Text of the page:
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Cajun Red Beans and Rice

Cajun Red Beans and Rice is the signature dish of Louisiana if there ever was one. This boldly spiced, thick, and hearty stew suits all seasons, moods, and meals. It’s easy understand the timeless appeal of such humble ingredients once you’ve experienced it for yourself. The original version often included sausage or ham, but it’s a snap to make entirely plant-based.

Closeup of red beans and rice in a bowl

Red Beans and Rice is more than just a food; it’s an edible tradition passed down through generations of Creole and Cajun families, particularly in New Orleans, since the early 1800s. Countless families still come together around a big, bubbling pot of red beans for comfort and nourishment, no matter how busy life gets.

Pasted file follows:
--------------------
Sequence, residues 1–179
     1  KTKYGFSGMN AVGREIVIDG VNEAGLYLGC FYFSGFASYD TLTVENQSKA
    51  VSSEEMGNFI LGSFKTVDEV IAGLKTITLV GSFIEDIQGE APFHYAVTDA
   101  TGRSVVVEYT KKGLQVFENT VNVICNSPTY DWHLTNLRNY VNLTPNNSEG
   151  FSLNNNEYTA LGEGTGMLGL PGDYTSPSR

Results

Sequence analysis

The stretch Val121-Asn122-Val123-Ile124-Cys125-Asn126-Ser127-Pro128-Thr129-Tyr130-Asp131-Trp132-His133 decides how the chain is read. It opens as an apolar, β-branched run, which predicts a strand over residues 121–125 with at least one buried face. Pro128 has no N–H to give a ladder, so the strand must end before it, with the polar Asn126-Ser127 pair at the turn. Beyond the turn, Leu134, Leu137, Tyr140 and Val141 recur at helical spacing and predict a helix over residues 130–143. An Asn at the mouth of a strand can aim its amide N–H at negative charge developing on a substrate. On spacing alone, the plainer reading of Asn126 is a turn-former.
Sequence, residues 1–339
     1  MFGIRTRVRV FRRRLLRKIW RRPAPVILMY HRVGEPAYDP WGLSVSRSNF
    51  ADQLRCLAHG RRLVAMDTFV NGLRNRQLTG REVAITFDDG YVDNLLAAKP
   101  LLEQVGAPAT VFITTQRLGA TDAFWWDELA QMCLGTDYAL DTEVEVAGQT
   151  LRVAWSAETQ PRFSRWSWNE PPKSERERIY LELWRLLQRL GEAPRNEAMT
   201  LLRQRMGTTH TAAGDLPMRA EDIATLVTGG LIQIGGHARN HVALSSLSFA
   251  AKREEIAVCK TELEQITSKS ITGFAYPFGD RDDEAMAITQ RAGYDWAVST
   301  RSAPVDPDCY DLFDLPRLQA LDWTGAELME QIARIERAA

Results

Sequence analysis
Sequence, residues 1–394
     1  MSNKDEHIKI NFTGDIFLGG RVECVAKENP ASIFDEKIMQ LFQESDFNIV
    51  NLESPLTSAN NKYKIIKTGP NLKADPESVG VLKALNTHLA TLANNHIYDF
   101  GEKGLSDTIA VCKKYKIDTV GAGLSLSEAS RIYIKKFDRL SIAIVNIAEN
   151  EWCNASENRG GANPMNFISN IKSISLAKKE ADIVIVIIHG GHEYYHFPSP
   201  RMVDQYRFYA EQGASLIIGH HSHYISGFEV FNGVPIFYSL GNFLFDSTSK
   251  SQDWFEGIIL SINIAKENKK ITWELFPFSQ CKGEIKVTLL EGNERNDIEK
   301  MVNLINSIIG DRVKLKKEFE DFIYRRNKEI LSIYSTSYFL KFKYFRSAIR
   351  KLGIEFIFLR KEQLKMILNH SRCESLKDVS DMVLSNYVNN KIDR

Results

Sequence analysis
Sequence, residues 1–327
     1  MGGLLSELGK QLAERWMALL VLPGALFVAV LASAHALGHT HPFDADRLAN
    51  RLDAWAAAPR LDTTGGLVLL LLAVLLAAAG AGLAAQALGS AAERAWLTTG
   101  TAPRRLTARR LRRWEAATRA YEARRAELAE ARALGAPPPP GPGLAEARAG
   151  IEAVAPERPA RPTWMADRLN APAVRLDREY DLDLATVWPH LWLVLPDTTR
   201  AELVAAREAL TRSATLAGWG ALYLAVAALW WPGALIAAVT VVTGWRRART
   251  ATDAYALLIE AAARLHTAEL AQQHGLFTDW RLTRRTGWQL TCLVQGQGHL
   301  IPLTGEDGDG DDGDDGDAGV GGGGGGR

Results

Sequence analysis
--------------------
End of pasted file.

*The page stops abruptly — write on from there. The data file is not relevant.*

While pork in many forms played a big role in those foundational meals, modern innovation has given us nearly identical alternatives to create vegan versions without straying from tradition. Paving the way for a more inclusive future, this recipe is one that everyone can enjoy.

Red beans and rice in a bowl, mixed together

Why You’ll Love These Cajun Red Rice and Beans

The rich smell of slowly simmer spices will draw in hungry mouths from miles away. Beyond that heady aroma, there’s a whole lot more to love:

  • Complete protein. When eaten together, rice and beans are an unstoppable nutritional duo.The combination delivers all nine essential amino acids to form a complete source of protein in one bite.